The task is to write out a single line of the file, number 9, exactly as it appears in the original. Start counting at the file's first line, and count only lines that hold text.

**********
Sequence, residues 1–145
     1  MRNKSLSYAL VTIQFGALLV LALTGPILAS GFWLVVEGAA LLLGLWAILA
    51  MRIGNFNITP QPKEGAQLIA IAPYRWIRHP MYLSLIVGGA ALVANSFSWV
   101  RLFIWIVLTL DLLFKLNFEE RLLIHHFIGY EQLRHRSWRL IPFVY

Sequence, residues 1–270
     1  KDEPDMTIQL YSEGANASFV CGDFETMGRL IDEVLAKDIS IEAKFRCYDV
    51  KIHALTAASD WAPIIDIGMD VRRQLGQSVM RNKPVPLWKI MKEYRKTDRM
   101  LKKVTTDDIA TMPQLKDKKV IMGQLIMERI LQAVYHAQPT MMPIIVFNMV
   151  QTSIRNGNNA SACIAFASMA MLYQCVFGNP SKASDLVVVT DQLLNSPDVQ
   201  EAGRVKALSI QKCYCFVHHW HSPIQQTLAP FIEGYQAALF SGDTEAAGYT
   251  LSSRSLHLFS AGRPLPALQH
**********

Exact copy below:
   151  QTSIRNGNNA SACIAFASMA MLYQCVFGNP SKASDLVVVT DQLLNSPDVQ